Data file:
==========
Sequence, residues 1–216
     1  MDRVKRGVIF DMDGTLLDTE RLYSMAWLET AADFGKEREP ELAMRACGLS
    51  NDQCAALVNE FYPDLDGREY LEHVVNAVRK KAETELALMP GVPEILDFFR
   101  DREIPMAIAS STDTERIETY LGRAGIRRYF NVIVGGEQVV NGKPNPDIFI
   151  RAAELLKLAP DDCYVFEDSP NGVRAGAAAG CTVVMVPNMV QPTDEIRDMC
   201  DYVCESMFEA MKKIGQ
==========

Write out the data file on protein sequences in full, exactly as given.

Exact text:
Sequence, residues 1–216
     1  MDRVKRGVIF DMDGTLLDTE RLYSMAWLET AADFGKEREP ELAMRACGLS
    51  NDQCAALVNE FYPDLDGREY LEHVVNAVRK KAETELALMP GVPEILDFFR
   101  DREIPMAIAS STDTERIETY LGRAGIRRYF NVIVGGEQVV NGKPNPDIFI
   151  RAAELLKLAP DDCYVFEDSP NGVRAGAAAG CTVVMVPNMV QPTDEIRDMC
   201  DYVCESMFEA MKKIGQ